The aircraft was due to be delivered to another NATO customer, Turkey, and was on its maiden test flight when it crashed in a field one mile (1.6 km) north of Seville’s San Pablo airport. It was the first ever crash of an A400M.
Airbus said four Spanish employees had been killed and two surviving crew were in hospital in serious condition.
The newspaper El Pais said the crew had detected a fault and asked permission to land, but hit an electricity pylon while attempting an emergency landing.
Tracking data from the Flightradar24 website indicated the plane had wheeled to the left before coming down.
An Airbus spokesman declined to comment on possible causes. Airbus said it had sent a team to investigate.
The crash delivers a fresh blow to Europe’s largest defense project, which is still struggling to overcome delays and cost overruns that led to a bailout by European governments in 2010.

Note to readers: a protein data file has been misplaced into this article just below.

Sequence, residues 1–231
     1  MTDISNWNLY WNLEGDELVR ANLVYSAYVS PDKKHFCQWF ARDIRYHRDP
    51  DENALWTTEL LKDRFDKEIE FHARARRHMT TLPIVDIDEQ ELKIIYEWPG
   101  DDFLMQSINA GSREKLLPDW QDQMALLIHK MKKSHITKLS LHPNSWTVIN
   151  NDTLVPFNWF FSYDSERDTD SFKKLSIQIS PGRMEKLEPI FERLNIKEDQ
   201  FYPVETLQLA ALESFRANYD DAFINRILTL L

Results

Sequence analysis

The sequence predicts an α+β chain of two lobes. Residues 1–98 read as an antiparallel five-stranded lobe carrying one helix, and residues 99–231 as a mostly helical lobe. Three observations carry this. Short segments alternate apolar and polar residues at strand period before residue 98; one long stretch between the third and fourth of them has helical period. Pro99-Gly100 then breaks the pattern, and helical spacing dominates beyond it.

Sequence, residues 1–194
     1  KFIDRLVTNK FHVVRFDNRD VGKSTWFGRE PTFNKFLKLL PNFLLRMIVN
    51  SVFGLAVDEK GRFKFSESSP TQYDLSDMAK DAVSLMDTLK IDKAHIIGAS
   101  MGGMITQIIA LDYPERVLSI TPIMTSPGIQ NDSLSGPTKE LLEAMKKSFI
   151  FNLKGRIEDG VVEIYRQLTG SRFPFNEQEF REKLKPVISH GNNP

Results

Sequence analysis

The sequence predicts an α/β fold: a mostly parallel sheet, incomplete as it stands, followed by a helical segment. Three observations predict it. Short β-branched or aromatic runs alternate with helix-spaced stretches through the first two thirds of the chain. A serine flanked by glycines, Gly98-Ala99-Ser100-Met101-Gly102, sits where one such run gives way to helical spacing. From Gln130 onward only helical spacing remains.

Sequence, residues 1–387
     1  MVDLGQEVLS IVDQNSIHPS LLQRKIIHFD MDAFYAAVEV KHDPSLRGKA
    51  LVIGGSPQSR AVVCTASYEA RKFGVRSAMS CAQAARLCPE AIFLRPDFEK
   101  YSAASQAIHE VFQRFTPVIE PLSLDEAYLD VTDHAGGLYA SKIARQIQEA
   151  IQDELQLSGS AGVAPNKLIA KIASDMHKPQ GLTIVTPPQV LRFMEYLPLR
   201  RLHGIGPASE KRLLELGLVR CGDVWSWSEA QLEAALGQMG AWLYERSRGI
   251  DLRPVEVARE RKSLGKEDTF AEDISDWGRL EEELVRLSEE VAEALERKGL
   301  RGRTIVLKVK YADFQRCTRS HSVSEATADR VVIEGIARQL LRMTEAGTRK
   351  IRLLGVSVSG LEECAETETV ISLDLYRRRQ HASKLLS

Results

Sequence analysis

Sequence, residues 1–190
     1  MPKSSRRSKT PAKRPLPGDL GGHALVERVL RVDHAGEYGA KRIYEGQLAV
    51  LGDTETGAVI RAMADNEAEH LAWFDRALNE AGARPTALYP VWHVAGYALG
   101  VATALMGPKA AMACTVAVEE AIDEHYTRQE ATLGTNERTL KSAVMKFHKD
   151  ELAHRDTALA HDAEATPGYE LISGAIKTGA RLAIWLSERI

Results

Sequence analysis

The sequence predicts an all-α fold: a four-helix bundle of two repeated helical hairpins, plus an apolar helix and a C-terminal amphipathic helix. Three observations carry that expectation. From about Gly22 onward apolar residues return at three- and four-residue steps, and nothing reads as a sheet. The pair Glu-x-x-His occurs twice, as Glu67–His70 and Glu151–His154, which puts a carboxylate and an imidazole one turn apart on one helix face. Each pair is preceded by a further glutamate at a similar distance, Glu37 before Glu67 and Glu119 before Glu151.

Britain and Germany said they were suspending A400M flights while they awaited more information on what caused the crash.
A plume of black smoke rose from the site, where hardly anything was left of the plane amid black, scorched earth.
Prime Minister Mariano Rajoy, speaking to journalists near the site, asked for maximum transparency from Airbus on the reasons for the crash.
“An incident like this is not the best for our industry … It remains to be seen if it was purely circumstantial or if a mistake was made,” he said, adding that the Spanish defense minister would meet his German and French counterparts on Sunday to discuss the incident.
The A400M Atlas was developed for Spain and six other European NATO nations – Belgium, Britain, France, Germany, Luxembourg and Turkey – at a cost of 20 billion euros, making it Europe’s biggest single arms contract. It entered service in 2013 after a delay of more than three years. (Reuters)